My novel Oh Gad! will be six years published this year. If a book was a child, she’d be a first grader. Damn. I had high hopes when it came out too. It was my second act and my first full length novel after two earlier releases. My first to crack the US market. Hell, yeah I had high hopes. You would think I’ve since learned to manage my expectations, right? Nah, son, I still have high hopes. Against the odds. I’m hard-headed like that. #TheWritingLife ETA: Shortly after I wrote this, this happened (the author specifically referencing Oh Gad!) – 10 Female Caribbean Authors You Should Know And Add To Your American Lit Syllabus – life (and publishing) is full of suprrises.
Here’s an excerpt:
Before Nikki was a motley crew – curious expats mixed in with home-grown Rastafarians, academics mixed in with area farmers, grey heads and chinee bumps, and the odd politician. It was not only a larger, but a more diverse crowd than she had anticipated.
A part of her dared hope, as she glimpsed some of the Blackman’s Ridge project’s staunchest opponents in the crowd, that this could be the bridge between the warring factions. That was the goal, anyway. She’d tried to get Cam to come, but he’d scoffed at the very idea. “Make mosquito nyam me up all night,” he’d laughed. “For what? I don’t hold to all that ancestors crap. Black people hang on to slavery too much, if you ask me. Is that keeping them down. I’m a practical man. I live in today. Anybody who know me, know that. For me to go up there would be a bold faced lie; and I never lie.”
The night’s programme consisted of a drum call and dub poetry. At midnight, the dawning of Emancipation Day, August Monday, when Antigua’s enslaved Africans got their first taste of freedom back in 1834, plastic cups were passed around, and libations sipped and poured out ritualistically in honour of these survivors and the many more non-survivors. Tanty had insisted on that and mixed up the “bebbridge” herself.
Everyone got a chance to enter the dungeon, in pairs and threes; some emerged quickly and unscathed, others were visibly moved by the experience of being stooped and confined in the small space.
As Sadie began her oral history of the dungeon, of slaves imprisoned for infractions, imagined or real, a reporter from one of the local stations, ignoring the mean look she shot him, stuck a recorder in her face.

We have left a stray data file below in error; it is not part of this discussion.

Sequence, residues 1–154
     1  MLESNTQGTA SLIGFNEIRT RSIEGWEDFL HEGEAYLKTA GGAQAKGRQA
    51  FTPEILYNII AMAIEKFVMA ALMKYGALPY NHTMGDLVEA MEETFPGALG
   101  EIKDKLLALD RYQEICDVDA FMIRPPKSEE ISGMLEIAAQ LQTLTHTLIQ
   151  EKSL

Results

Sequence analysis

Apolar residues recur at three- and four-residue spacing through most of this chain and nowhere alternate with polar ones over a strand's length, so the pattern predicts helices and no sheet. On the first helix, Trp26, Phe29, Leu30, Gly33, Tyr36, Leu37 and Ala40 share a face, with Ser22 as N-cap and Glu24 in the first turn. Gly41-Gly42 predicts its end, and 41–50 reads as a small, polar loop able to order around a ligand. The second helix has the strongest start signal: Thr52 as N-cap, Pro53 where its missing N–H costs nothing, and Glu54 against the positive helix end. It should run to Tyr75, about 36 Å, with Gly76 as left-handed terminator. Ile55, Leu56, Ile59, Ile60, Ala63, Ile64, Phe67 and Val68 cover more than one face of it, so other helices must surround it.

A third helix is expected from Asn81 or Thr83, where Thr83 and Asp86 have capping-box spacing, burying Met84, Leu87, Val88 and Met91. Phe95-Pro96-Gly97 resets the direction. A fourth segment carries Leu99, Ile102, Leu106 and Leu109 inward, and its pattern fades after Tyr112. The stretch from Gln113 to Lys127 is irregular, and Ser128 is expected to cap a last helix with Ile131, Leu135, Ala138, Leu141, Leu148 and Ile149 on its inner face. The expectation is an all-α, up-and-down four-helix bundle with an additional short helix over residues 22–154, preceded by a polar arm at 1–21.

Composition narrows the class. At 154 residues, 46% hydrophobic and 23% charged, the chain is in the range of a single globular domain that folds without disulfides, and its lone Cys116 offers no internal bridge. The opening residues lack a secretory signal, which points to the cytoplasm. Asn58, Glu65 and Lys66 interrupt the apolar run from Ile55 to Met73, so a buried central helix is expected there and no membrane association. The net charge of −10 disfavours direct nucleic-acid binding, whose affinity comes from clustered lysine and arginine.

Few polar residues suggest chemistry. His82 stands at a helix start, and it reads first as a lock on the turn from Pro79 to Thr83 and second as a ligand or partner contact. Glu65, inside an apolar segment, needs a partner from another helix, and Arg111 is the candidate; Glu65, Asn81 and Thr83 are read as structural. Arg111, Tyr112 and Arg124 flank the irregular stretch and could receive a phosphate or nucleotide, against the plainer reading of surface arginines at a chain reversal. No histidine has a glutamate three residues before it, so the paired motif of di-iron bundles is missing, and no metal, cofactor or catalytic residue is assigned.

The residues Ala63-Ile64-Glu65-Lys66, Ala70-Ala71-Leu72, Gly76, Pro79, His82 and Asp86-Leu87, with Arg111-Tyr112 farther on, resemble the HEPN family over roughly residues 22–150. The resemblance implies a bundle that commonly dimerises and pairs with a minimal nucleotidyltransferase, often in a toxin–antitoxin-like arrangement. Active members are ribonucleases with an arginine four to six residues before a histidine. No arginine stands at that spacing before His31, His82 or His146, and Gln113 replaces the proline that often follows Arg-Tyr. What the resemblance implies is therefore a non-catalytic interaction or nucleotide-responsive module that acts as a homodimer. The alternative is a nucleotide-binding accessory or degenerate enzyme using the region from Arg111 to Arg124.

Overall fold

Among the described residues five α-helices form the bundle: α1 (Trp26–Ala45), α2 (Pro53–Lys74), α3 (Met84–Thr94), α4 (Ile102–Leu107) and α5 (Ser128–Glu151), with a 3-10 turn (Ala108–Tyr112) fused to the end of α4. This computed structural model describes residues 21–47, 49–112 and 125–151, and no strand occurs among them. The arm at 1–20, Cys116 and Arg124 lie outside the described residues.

“…many died here sick with their own fear as it come through their skin and full up the air ‘round them ‘til they were breathing their own stink,” Sadie said. “Not a lot of new air could get in ‘round the heavy door they had barring the entrance. Only tiny cracks leave back for insects to crawl through and torment them to the last. As for them that survive, there was madness or relief, relief that sucked at their fight and spirit…”
Nikki found herself seduced by Sadie’s words and her voice, as she spoke with previously unheard serenity and authority.
A noise cut through the night: A bone deep, belly full moan. It was Tanty, swaying, eyes tightly shut. Nikki reached an arm toward her, then hesitated.
Tanty’s moan cut through her. Not like a knife. Like waves, curling beautifully in and into her, relentlessly. Nikki sighed and even cried a little; the moment, the long moments, overwhelming her, filling her with both sadness and joy. She felt like she was being filled and emptied at the same time, like she’d eaten too much and yet not enough.
The scent of roasting cashews, which Tanty had insisted on, perfumed the night air.
Nikki had been concerned about fire spreading but then Audrey had, unexpectedly, donated a couple of coal pots which allowed them to contain the fire. And as the scent now wafted out, the moaning swelled, continuing to fill the gaps; a chorus for Sadie’s chronicle which ended with a roll call of Antiguan martyrs and heroes from King Court to V.C. Bird. Here and there, there were tears. As Sadie’s voice, hoarse now, faded, the drums once again took over, taking on the timbre of Tanty’s unabashed moaning. The drum talk took them into fore day morning, as the Antiguans called those hours just before day break. It was then, in that in-between time, that Nikki came back to herself as if from a blissful dream. She caught snatches of it, of being inside the dungeon, of not being afraid, though shadows and light, ancestral spirits, danced across the jewel-like stones along the cave wall, Tanty’s voice reminding her that she was from their blood and they wouldn’t do her no harm. As even memory faded, Nikki opened her eyes to the sight of pale light now spreading across the sky, and discovered that she was leaning against Belle’s shoulder as her sister sat still as a rock.
Related Oh Gad! posts
What the Antigua and Barbuda Review of Books had to say about Oh Gad!
Oh Gad! Presents a Compelling Slice of Island Life (NPR)
Antigua and Barbuda historical spaces in Oh Gad!
(Another) Oh Gad! excerpt
All Joanne C. Hillhouse Books